Washington, D.C. –
The U.S. Supreme Court has agreed to hear a case in which a driver’s license agency sold information about drivers such as home address, name, and age.
Several states including Florida have been selling DMV records, either under the cloak of freedom of information or to help support the state’s falling revenues.
In this case, the justices agreed Tuesday to hear an appeal from three South Carolinians who objected to solicitations from lawyers to join a lawsuit against car dealers. Among the lawyers named in the Supreme Court appeal is Richard Harpootlian, who also is chairman of the South Carolina Democratic party.
At issue is whether lawyers may use information gleaned from South Carolina driver records, which they obtained by filing open records requests. A federal law aimed at protecting driver records has an exception for lawsuits and the court will determine whether the lawyers’ actions qualify.
In Florida, the 11th Circuit Court of Appeals has reversed a lower court and held that individuals suing to recover for violations under the Drivers Privacy Protection Act do not need to demonstrate actual harm in order to recover monetary damages. In the case, a Florida man sued Fidelity Bank for obtaining the personal information of 565,000 individuals from the State’s motor vehicle databases for junk mail purposes. EPIC’s brief in the case argued that monetary damages were necessary in order to deter unaccountable data brokers from obtaining personal information from government coffers. For more information, see EPIC’s Kehoe v. Fidelity and Doe v. Chao Pages. (Aug. 26, 2005)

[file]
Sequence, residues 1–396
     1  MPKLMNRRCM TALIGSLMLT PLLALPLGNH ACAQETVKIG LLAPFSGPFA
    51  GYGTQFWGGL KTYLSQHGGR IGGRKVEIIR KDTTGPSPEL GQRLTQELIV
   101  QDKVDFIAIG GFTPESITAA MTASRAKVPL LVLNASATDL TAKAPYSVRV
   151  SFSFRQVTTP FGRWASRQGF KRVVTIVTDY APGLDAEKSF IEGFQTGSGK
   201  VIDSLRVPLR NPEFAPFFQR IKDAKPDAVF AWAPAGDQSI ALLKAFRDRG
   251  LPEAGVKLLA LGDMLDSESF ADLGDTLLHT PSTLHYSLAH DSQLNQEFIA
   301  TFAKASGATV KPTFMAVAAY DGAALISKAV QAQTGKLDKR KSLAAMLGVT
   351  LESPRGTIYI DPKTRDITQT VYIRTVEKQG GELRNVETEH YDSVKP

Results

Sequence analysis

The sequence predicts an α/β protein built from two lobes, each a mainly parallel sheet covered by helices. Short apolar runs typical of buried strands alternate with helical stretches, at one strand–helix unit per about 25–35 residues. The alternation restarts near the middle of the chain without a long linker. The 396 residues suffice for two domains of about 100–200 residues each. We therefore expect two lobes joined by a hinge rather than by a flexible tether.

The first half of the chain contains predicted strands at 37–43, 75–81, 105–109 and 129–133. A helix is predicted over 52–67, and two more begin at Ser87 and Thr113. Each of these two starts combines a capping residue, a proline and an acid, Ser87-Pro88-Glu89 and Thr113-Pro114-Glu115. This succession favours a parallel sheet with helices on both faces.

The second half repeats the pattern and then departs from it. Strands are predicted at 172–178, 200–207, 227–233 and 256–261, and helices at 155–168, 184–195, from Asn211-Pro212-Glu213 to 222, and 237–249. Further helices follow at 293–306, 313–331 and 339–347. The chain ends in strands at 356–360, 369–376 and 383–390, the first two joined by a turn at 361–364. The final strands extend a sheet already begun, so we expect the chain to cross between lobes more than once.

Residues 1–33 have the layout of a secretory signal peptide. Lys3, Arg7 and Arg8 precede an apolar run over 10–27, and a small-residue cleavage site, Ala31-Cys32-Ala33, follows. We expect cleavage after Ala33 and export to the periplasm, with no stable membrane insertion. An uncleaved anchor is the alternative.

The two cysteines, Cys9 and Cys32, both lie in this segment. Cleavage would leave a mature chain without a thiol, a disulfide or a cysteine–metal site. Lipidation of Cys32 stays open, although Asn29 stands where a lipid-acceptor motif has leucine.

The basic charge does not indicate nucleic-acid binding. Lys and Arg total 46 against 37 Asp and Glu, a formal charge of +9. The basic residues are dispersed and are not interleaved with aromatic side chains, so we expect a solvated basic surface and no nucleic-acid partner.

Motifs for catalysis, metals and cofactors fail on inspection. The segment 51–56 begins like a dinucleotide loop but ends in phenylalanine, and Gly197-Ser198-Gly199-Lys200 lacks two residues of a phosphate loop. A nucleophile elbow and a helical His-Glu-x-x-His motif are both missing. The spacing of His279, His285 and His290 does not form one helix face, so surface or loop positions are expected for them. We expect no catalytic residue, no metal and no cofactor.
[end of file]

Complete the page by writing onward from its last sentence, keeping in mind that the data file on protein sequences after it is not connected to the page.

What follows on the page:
Also, EPIC, joined by the American Civil Liberties Union of Florida, has submitted an amicus brief in Kehoe v. Fidelity Bank, a case under the federal Drivers Privacy Protection Act where a bank purchased over 500,000 motor vehicle records from Florida for junk mail solicitations. The brief argues that individuals are entitled to damages under the law when businesses or data brokers intentionally access motor vehicle information. For more information, see EPIC’s Kehoe v. Fidelity Page. (Sept. 1, 2004)
So far, Florida has sold more than 3 million names and addresses to marketing companies and data-mining companies such as Lexis Nexis which often produce reports about you without your knowledge or ability to contest the accuracy of the information and is used for background check by Insurance companies when handling claims, and by employers who are considering hiring you.